Vanessa Williamson is a Fellow in Governance Studies at Brookings. She studies the politics of redistribution, with a focus on attitudes about taxation. She is the author, with Harvard professor Theda Skocpol, of The Tea Party and the Remaking of Republican Conservatism.
The Tea Party and the Remaking of Republican Conservatism examines how the three components of the Tea Party – at the grassroots, in the media, and among Washington elites – successfully pushed the Republican Party farther to the right. The book was named one of the ten best political books of the year in the New Yorker.
Williamson’s current research focuses on American public opinion about taxation. She finds that, while Americans see taxpaying as a moral commitment to the community, they tend to underrate the tax contributions made by the poor – a mistake that is reinforced by the taxpaying process. Moreover, though most believe the rich need to pay more in taxes, their experiences of the tax system leave them misinformed about the tax reforms that would achieve this end. Williamson’s other work on taxation and redistribution examines the political origins of the state Earned Income Tax Credit, the electoral effects of the American Recovery and Reinvestment Act, and conditions in which voters have supported state tax increases.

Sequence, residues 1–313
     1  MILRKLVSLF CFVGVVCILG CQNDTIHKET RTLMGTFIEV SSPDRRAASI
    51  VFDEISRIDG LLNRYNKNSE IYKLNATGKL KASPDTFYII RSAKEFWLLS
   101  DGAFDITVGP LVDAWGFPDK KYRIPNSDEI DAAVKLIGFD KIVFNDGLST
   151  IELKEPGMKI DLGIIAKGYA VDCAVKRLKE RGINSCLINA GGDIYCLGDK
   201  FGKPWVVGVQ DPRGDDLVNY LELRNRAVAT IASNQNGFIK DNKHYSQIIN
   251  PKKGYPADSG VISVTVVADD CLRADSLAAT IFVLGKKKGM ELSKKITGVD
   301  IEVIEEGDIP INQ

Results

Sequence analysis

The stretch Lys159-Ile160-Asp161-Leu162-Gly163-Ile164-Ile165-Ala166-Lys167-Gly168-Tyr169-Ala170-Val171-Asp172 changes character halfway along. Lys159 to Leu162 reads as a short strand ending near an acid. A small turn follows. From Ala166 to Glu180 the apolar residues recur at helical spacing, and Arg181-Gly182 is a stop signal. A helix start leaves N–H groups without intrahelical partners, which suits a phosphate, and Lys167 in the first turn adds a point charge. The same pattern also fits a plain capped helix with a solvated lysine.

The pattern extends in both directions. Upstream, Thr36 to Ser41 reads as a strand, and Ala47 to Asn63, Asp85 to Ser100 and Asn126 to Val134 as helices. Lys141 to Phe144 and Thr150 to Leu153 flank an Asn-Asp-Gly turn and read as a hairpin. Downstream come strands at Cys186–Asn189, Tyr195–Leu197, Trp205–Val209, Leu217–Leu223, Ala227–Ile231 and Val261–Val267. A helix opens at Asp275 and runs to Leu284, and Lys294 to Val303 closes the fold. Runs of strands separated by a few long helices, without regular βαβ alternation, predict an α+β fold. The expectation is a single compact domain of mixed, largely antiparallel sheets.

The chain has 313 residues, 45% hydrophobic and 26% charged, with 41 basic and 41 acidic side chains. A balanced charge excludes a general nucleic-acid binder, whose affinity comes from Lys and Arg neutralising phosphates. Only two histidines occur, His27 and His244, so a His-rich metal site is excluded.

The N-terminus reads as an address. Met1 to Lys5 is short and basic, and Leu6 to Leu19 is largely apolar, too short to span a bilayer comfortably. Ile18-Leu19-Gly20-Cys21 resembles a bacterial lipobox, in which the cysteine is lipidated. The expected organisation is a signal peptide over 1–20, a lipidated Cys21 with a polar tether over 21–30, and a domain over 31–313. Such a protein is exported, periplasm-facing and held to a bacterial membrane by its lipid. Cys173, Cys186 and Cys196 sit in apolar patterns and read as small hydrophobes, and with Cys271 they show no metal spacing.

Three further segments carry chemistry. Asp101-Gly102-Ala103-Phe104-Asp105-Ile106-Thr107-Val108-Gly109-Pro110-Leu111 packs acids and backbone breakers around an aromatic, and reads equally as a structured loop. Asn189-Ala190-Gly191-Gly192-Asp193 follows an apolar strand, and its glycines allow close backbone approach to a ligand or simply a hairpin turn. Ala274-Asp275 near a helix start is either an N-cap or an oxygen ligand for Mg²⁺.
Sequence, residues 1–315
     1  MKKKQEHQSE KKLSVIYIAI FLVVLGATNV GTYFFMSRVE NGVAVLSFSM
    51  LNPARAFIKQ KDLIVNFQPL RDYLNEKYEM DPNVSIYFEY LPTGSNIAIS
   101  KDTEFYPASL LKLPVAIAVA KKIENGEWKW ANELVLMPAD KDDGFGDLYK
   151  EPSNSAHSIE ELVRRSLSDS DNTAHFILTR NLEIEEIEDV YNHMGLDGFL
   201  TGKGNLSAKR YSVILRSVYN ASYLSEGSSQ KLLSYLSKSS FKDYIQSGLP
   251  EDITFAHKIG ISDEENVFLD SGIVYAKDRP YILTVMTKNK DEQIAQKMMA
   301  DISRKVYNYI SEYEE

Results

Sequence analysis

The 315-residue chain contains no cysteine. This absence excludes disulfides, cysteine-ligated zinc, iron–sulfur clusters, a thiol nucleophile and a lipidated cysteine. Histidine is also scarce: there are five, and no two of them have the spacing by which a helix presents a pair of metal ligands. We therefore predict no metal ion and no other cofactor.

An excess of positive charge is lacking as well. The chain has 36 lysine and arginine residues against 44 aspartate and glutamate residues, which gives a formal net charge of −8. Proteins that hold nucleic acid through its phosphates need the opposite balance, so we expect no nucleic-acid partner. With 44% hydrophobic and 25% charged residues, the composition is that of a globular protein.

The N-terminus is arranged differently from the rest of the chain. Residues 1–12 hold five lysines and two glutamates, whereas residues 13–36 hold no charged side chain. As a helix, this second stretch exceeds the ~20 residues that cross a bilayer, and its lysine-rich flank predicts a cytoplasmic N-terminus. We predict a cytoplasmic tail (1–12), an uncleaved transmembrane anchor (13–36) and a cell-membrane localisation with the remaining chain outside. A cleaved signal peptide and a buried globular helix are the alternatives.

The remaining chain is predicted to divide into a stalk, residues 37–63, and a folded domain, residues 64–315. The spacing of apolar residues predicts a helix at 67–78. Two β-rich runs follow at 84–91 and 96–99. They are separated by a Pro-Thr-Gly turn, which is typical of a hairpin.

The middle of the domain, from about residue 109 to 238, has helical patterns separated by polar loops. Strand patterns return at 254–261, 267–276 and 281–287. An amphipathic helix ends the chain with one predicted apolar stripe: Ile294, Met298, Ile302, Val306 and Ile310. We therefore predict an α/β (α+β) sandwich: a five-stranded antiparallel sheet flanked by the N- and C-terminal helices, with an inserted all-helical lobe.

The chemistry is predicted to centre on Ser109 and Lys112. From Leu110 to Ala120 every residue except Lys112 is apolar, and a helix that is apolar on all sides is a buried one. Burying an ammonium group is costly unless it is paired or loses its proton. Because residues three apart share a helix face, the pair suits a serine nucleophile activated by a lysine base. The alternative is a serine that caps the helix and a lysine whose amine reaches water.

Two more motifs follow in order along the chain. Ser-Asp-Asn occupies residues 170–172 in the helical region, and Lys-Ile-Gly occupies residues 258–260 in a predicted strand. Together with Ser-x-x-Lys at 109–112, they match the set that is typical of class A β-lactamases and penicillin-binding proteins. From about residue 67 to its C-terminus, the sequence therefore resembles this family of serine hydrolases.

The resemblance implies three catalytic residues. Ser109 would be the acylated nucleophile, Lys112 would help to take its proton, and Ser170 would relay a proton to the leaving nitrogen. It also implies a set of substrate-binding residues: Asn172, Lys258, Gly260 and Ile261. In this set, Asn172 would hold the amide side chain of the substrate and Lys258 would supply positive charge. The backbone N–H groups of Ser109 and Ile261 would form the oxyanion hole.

Williamson has testified before Congress and appeared on CNN's "Fareed Zakaria GPS," MSNBC’s “The Rachel Maddow Show,” and Al Jazeera America. She has written a variety of outlets including the New York Times, The Atlantic, the Atlanta Journal-Constitution and her hometown newspaper, the Sacramento Bee. Her work has also been cited by the Economist, the Associated Press, the Washington Post, and on National Public Radio, among other sources.
Williamson previously served as the Policy Director for Iraq and Afghanistan Veterans of America. She received her Ph.D. in Government and Social Policy from Harvard University. She has a master’s degree from NYU's Institute of French Studies, and received her B.A. in French language and literature from NYU.